This firm and durable co-poly is ideal for intermediate and advanced level players who like to swing big. Make no mistake though, this is not a dead poly made only for the biggest hitters. Indeed, what distinguishes this very playable control string is the high level of comfort and power. For this reason Firestorm fits perfectly inside the growing ranks of friendlier, more elastic co-polys like Dunlop Black Widow and Tourna Big Hitter Black 7. While this string is not likely to have enough pop or comfort for the player who prefers the ultra-soft feel of a multifilament or natural gut, it does provide big hitters with a cozy new option for adding some spark and spin to their game.

What our playtesters said

“You can really feel the ball jumping off the stringbed. I actually found I had to increase my tension a couple of pounds to harness a bit of the power and get the control that I needed.” 

“The ball sinks into the strings nicely, so when you do take a big rip at it, you are rewarded with good spin.”

“I found this string to be very comfortable for a co-poly. It felt like it was pocketing the ball exceptionally well.” 

“This turned out to be one of the longer playing co-polys I’ve tested. The longevity may be slightly to do with the higher reference tension I used, but comfort was never an issue for me over a four week test — very impressive for a poly.”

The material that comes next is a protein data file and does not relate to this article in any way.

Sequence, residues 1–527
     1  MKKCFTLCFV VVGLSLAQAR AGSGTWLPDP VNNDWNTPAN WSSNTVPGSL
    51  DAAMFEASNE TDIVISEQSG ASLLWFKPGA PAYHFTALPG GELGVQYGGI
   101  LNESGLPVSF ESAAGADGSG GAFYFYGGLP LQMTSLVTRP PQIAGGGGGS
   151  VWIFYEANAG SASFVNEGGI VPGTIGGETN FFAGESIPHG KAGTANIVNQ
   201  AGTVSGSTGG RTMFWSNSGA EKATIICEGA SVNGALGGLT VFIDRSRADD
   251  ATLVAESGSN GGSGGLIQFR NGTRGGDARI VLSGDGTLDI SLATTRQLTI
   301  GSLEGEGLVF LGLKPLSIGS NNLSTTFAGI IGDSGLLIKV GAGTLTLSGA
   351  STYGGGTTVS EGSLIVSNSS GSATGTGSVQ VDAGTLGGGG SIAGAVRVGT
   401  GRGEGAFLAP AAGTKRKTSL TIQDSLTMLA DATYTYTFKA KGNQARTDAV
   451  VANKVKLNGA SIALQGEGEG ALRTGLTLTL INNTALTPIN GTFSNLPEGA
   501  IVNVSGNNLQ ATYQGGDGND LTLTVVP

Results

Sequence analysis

Check out our playtest video!

Strings for big hitters on a budget…

 

Don’t get me wrong, I appreciate the magic of Babolat RPM Blast …

….with its innovative cross-linked silicone coating, vicious snap back and otherworldly spin. I also appreciate the miracle that is Luxilon, especially on the professional tour, where strings like Alu Power have enabled the tornadic angular whip of the modern topspin game, allowing for exponentially higher levels of spin and control. Indeed, it only takes a few topspin forehands with either of these strings to realize why consumers shell out top dollar.

Does this mean you have to spend over $10 to get a good string?

If a polyester string costs less than $10 will it not snapback? Will it prevent me from reaching my personal best tennis? I humbly submit that the answer is “no”. Savvy consumers who are willing to poke around can find great performance for a low price.

For the love of Gosen

Of course, if you don’t feel like poking around, just go to the Gosen string page. There you will find the sorts of low cost/high performance strings that make home stringers giddy. More specifically, you will find the original Polylon, which prompted our resident polyester expert, Chris Edwards, to declare, “This string is legit. Sweet as a nut right off the stringer.” Needless to say, after a few sessions with Polylon, it’s easy to conclude that the $2.95 price tag is a typo.

For a softer feeling poly at a great price, there is the technology advanced Polybreak which provides the incredible spin and control of the original Polylon but with a slightly more flexible response. Finally, no mention of Gosen is complete without paying homage to OG Micro, an extremely responsive synthetic gut which has long been the standard-issue reel for stringers in need of reliable hybrid parts.